How to Buy Gold: Bouillon vs. Companies

Investing in gold comes in many forms from owning companies such as Goldcorp Inc. (TSX:G)(NYSE:GG) outright to buying a gold ETF to buying physical bouillon. Let’s take a look at the pros and cons of each.

| More on:
The Motley Fool

A common question that investors interested in holding a position in gold ask is, what is the best way to invest in gold? I’ll be looking at some of the key considerations for investors looking to buy gold, either as a hedge or as an investment vehicle in today’s bumpy economic environment. Here are three options to look at when exploring how to add a gold position to your portfolio.

Option #1: buy a company with exposure to gold

One of the easiest way to gain exposure to gold is to buy a mining company or a company with direct exposure to gold prices. Blue-chip Canadian mining stocks, such as Goldcorp Inc. (TSX:G)(NYSE:GG), with diversified mining operations and established and measurable production levels generally follow the spot price of gold quite closely. By buying into companies such as Goldcorp, investors have immediate exposure to gold prices, but they’re exposed to the benefits and downfall of the operating company.

The risks of owning a single mining company are amplified by the operations of the business, meaning that an expected return over and above the fluctuating price of gold is to be expected. This increased volatility should be factored into any investment in a gold company, but considering 2016 was a positive year for gold prices (gold was up approximately 8% in 2016), investors have finally seen upside for stocks that have generally been on the decline since 2011.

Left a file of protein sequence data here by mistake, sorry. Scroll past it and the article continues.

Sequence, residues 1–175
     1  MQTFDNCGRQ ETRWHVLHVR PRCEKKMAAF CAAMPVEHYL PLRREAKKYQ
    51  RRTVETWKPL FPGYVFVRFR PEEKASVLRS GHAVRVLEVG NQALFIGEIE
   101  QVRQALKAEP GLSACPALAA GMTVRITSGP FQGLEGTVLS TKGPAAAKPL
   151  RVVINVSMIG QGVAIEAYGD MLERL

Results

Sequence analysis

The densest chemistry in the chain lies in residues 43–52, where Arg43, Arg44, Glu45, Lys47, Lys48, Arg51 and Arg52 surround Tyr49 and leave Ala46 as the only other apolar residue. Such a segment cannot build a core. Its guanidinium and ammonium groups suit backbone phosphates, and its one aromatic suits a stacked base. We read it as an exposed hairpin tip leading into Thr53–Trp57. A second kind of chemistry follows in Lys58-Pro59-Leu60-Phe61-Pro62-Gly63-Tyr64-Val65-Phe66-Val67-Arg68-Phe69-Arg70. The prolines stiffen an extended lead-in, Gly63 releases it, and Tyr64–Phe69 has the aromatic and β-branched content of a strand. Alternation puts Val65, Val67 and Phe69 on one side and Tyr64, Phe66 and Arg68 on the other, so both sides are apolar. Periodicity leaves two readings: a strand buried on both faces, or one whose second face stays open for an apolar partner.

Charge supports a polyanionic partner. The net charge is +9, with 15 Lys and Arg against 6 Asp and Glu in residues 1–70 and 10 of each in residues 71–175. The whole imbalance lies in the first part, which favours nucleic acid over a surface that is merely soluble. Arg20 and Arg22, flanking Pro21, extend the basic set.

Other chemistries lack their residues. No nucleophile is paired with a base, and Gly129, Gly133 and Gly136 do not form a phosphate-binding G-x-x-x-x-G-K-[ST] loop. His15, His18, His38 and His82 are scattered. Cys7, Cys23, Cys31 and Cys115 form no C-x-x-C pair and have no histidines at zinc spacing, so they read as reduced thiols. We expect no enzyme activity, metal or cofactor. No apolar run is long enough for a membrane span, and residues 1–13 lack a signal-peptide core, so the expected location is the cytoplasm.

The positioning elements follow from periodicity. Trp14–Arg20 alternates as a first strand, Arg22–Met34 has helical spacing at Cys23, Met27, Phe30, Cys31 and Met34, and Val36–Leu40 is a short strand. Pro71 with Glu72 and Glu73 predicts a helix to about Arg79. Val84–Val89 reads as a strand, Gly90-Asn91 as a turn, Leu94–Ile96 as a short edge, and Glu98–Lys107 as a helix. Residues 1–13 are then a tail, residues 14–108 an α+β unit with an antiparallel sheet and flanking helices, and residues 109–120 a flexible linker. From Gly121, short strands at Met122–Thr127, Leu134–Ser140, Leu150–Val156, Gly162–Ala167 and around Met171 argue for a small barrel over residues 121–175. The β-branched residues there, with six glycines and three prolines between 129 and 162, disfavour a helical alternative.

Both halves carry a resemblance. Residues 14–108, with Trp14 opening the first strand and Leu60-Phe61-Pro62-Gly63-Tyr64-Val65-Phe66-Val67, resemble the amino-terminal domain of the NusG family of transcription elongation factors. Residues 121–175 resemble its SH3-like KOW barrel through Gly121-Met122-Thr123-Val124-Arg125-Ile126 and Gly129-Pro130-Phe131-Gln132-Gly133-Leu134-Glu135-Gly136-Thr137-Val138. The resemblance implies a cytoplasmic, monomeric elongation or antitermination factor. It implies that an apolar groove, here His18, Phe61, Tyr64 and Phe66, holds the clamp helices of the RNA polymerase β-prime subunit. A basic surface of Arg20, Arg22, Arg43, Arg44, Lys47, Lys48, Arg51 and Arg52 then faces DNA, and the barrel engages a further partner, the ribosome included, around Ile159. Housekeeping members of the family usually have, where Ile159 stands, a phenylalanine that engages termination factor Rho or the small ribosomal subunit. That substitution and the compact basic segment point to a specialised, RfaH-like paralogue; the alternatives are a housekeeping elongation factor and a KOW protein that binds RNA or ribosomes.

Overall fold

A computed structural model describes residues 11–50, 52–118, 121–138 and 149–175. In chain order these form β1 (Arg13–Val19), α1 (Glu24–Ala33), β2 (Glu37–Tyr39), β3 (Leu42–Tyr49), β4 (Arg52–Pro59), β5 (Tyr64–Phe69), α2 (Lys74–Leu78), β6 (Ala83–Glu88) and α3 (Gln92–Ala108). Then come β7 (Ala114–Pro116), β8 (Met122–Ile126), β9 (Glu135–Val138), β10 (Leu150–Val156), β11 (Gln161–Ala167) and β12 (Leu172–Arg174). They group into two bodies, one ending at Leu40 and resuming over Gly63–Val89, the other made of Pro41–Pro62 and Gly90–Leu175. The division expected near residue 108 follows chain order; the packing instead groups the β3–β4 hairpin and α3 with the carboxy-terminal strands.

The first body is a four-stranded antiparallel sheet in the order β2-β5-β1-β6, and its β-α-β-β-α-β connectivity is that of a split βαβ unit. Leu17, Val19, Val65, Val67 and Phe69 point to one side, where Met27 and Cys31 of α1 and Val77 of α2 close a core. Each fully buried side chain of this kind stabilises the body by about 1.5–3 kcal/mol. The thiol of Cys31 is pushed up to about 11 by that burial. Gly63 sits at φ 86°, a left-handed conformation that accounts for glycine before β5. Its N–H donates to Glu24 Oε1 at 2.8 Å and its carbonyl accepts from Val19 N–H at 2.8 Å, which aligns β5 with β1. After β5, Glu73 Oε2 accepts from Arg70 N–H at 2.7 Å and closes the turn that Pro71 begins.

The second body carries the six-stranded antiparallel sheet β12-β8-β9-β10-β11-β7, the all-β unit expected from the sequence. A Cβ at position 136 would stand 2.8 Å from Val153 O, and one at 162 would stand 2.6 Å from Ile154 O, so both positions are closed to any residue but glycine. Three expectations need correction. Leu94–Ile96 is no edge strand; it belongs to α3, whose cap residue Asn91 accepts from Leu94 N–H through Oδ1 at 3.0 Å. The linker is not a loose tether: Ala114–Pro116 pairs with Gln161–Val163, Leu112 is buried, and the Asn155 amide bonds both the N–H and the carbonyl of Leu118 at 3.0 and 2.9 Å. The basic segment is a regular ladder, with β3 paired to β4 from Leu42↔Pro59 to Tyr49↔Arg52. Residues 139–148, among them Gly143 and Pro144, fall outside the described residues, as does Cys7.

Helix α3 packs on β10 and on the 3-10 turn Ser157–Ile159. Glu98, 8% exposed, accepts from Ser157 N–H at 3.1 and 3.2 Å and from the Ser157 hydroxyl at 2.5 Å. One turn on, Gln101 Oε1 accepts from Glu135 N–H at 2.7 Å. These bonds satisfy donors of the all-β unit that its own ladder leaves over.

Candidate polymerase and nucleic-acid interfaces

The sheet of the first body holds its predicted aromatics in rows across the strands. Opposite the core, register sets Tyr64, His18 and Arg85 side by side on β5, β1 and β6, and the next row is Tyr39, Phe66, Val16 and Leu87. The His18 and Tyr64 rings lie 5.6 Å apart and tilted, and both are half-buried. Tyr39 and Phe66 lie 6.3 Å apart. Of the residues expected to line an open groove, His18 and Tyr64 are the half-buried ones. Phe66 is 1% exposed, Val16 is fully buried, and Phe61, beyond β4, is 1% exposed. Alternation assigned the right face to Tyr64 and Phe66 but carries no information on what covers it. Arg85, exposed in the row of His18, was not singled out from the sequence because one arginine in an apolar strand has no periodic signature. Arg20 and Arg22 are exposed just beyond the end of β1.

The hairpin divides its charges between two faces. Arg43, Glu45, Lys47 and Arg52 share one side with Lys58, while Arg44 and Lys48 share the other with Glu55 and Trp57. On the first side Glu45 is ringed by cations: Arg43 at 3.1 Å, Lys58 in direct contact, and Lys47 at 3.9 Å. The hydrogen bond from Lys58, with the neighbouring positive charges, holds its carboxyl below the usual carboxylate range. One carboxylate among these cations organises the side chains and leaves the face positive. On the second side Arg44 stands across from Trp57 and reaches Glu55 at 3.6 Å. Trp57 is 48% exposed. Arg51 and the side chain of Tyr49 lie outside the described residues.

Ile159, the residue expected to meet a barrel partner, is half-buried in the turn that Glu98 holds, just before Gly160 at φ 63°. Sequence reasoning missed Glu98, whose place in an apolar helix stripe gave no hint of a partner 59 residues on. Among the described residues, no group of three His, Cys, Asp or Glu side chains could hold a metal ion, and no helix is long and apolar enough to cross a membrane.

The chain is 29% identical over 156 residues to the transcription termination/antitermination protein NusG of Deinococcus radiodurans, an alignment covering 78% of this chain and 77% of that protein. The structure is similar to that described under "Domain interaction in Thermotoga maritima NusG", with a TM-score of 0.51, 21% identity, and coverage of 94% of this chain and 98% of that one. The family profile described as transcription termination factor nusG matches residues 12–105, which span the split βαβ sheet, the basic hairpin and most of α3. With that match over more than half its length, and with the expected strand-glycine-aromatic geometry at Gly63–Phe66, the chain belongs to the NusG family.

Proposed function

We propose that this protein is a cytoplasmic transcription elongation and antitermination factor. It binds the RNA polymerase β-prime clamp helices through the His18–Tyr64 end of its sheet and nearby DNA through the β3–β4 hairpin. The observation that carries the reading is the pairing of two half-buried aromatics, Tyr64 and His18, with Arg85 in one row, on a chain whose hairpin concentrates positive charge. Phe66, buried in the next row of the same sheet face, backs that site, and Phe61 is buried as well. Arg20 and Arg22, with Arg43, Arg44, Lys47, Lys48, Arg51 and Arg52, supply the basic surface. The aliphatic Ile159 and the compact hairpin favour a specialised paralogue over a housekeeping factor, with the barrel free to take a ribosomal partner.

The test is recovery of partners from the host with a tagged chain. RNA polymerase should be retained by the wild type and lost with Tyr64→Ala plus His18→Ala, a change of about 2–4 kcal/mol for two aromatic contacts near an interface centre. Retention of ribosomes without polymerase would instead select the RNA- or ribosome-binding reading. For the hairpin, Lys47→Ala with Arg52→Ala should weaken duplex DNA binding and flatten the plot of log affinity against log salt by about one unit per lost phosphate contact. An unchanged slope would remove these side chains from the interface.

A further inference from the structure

Option #2: Buy gold ETFs

Exchange Traded Funds (ETFs) such as SPDR Gold Trust (ETF) (NYSE:GLD) are another way of betting on a continued rebound in gold prices in 2017. ETFs have grown substantially, with investors often preferring the low (sometimes marginal) management fees of ETFs to the comparably high management fees of hedge funds and other professionally managed funds.

Buying exposure to gold through ETFs will result in returns highly correlated to gold prices, and are thus viewed as a relatively safe and cheap way of buying gold compared with option #3.

Option #3: Buy the real thing (bouillon)

Buying physical gold bouillon is often considered to be the most traditional form of gold investing, one which is often touted by the “doomsday” pundits.

Buying physical gold achieves the desired result directly. Having access to physical gold can prove to be valuable should a given banking system fall apart or should a currency experience a massive devaluation and the corresponding inflationary environment makes traditional cash or other securities less “secure.”

This method of gold investing has its faults, namely that (1) while gold is a store of value, it does not have an economic output or production capability, as does a traditional stock; and (2) gold has storage costs associated with it. The first point is clear: by investing in an asset or a company that produces an economic output, should the company continue to grow, returns should (in theory) outpace inflation.